6. On organizing as women of color
Linda: I think just watching the leadership of women at a national level, the voices that are coming out, the fearlessness — I think people ain’t messing around. There are obviously wonderful strong men who are supporting these women activists across the country, and here in New York we have them — but they’re there to work beside us and let us lead.
Dawud: Three of the biggest macro-issues that we as a Muslim community have to address within ourselves are: racism, misogyny, and sectarianism.
Ashley: When we say black lives matter, we mean women, we mean men, we mean trans folks, we mean queer folks, we mean young, old, rich, poor, all black lives matter. And by taking that framing, by taking that approach, and making that really clear, I think it kind of carves out path for some of that oppression — some of that patriarchy — to really be highlighted and stand out and get called out into the forefront when it does happen, so it doesn’t allow it to occur within the shadows and to allow women to be pushed into the back, because, no, women are part of this movement as well, and we’re a large part of this movement. So, when you say all lives matter, and you look up and see no women, then that’s a problem.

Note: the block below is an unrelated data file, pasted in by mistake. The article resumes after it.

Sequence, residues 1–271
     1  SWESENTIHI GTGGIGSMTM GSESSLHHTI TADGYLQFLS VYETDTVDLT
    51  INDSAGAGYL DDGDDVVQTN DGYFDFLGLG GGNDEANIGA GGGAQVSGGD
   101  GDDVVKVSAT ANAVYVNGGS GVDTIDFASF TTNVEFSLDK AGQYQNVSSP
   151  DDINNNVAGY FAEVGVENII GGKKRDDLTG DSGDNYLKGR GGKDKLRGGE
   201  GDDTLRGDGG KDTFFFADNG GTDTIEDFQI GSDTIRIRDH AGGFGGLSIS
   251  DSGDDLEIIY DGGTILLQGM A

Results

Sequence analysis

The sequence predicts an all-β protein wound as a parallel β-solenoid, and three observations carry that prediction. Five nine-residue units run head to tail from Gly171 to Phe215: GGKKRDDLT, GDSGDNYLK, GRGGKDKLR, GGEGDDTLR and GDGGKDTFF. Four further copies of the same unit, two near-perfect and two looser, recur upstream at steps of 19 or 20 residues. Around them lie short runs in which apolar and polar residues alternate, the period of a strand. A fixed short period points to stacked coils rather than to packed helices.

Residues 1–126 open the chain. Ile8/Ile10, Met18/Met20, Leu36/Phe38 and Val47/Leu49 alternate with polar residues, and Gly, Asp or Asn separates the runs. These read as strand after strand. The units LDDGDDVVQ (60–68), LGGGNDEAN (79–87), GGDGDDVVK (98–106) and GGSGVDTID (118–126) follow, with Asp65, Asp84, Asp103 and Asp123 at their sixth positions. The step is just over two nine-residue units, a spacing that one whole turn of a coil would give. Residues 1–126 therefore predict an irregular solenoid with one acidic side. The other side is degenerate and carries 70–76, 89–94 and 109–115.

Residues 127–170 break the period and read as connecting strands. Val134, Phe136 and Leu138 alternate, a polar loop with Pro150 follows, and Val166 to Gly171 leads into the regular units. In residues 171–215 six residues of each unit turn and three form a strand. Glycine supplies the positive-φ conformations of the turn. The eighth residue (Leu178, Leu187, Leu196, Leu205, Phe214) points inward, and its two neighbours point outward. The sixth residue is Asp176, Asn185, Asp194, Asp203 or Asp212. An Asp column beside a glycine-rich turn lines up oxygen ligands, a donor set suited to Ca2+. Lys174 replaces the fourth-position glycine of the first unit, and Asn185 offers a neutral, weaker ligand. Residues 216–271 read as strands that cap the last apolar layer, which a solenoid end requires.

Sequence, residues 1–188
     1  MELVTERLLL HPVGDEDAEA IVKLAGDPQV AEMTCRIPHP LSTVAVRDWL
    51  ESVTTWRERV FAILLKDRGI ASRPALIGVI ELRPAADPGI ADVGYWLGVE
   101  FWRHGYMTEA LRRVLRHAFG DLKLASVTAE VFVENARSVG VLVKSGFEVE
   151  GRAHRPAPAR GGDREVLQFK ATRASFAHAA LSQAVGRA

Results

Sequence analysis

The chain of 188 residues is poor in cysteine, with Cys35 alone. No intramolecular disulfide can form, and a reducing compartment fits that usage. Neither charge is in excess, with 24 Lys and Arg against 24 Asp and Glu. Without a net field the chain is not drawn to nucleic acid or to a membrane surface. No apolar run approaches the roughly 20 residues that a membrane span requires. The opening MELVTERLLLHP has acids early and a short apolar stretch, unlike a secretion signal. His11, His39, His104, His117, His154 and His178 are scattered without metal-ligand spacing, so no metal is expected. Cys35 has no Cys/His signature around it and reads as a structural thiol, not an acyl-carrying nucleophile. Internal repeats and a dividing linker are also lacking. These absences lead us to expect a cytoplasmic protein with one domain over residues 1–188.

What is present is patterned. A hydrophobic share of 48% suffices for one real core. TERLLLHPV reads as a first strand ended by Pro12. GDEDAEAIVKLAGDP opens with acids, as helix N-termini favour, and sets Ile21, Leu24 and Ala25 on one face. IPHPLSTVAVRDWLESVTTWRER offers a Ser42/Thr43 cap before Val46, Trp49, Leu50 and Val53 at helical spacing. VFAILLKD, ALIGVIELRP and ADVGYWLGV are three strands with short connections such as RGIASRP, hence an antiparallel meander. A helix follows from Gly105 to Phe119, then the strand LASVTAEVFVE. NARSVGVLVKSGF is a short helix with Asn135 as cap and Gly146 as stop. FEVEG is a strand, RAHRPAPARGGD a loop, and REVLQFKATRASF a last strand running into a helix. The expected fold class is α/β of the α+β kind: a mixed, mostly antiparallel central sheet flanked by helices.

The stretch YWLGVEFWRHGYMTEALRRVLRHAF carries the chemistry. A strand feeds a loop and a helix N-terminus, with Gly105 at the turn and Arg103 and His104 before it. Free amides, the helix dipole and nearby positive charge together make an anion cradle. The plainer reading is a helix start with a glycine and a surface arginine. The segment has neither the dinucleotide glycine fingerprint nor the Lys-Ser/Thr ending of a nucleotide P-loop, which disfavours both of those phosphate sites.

Darakshan: I think for women of color — and, of course, our experiences are unique — but I think we really tread this very fine line of saying “Do I have to be a woman today?” And then also my ethnicity and my race, and why am I competing all of them?